ECB trillion-euro plan a success, says Draghi
EUROPEAN CENTRAL Bank chief Mario Draghi declared the bank’s €1 trillion scheme to boost the banking sector a “success”, arguing the initiative has rekindled confidence in the euro and led to tentative resumption of bank lending.
As the ECB held its main interest rates at a historic low of 1 per cent yesterday, he said efforts to tame the turmoil in the euro zone were yielding fruit.
“Both operations I would say are an unquestionable success,” he said of two long-term refinancing operations (LTRO) in the past three months, the latter a week ago. Addressing reporters in Frankfurt yesterday, he also said Europe’s new fiscal treaty was a crucial pillar of the effort to overcome the sovereign debt crisis.
“I think it’s clear to everybody that if countries don’t release some of their national sovereignty about fiscal policy, there is no way they can be together because there is no way we can have a situation where you have one or two countries that pay for everybody,” he said. “There is no way we can have a union where you spend but then we issue bonds together unless you have – and that’s what the fiscal compact does – unless you have a discipline in place, rules in place. These rules are the pillars of trust between countries, this trust is essential for the monetary union.”
Mr Draghi declined to comment on the ongoing Greek debt-swap, which was to finish last night, and said there was no danger of any country leaving the currency.
“We don’t prepare. We don’t have any plan B. To have plan B means to admit defeat. It is equivalent to conceiving a reality which goes beyond the treaty,” he said.
He also brushed off concern from the German Bundesbank about the health of the ECB’s own finances. “We all have to do the right things and we have to do them together. My personal and professional relationship with Jens is excellent,” he said of Bundesbank chief Jens Weidmann.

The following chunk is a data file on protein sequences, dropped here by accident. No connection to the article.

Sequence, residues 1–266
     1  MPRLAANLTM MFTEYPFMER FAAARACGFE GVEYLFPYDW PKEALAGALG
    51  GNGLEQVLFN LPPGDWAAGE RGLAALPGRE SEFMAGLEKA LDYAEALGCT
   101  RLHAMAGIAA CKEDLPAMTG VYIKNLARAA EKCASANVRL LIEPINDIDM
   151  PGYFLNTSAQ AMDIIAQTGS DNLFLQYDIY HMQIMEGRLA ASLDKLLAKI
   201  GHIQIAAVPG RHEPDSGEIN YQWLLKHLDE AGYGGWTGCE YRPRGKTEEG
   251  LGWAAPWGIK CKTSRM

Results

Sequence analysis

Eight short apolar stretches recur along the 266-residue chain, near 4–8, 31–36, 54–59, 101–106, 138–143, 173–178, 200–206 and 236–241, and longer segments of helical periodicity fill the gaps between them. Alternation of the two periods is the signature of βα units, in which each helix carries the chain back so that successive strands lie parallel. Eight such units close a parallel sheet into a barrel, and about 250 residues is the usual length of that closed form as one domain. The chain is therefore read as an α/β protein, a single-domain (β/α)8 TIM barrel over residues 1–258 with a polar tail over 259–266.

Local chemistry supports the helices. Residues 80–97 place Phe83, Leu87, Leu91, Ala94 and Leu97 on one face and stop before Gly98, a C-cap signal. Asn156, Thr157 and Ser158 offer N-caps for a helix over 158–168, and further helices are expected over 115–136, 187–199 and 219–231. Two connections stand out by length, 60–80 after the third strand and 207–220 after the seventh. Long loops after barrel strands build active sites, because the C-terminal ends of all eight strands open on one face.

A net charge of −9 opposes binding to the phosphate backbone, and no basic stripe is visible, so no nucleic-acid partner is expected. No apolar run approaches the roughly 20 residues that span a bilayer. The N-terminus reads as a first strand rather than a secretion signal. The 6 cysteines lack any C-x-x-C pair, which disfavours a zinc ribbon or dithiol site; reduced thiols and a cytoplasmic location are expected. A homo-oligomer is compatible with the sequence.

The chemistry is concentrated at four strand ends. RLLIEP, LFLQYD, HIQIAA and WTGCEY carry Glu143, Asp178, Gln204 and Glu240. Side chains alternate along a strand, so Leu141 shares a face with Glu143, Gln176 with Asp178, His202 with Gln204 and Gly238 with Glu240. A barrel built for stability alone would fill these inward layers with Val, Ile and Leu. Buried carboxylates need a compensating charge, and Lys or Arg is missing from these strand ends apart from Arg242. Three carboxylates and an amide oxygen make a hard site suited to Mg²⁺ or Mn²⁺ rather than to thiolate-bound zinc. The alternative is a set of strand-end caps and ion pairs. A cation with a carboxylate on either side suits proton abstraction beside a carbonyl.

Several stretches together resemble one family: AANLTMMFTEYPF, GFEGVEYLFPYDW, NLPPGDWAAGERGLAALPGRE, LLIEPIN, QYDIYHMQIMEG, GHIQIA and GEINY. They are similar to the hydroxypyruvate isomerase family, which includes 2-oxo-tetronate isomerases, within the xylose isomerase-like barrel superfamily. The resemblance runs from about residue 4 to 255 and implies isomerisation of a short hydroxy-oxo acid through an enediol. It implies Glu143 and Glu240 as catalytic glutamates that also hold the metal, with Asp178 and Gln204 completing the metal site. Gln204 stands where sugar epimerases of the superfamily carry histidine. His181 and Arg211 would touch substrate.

“We owe a lot of what we have learned about stability culture to the Bundesbank and to Germany.”
In relation to the ECB’s own balance sheet, he said it was “not correct” to say the risks are now higher than the US Federal Reserve or the Bank of England.
Mr Draghi said an ad hoc ECB lending survey shows “there has been a modest pick-up in credit and in bank lending since the first LTRO” in December.
He rejected criticism of the initiative and said former ECB executive board member Jürgen Stark, who has expressed concern about the bank’s balance sheet, had himself voted for the LTRO initiative.
“Basically the LTRO had a powerful effect of removing what’s called tail risk from the environment. So when people say the LTRO could make the banking system more dependent from the ECB, they forget that there was no interbank market.
“There were no interbank markets before, they were completely clogged. So if anything we are actually witnessing the opposite now. We see markets that are gradually reliquifying themselves.”
He acknowledged delays in the effort to boost the euro zone bailout funds, something the ECB has been seeking. “Some members of the IMF have made quite clear that they would be ready to commit more resources from the IMF general resource account only if an adequate firewall were in place,” he said. “At the same time, the building of an adequate firewall has to take into consideration that many different budget situations. That’s why it is taking so long.”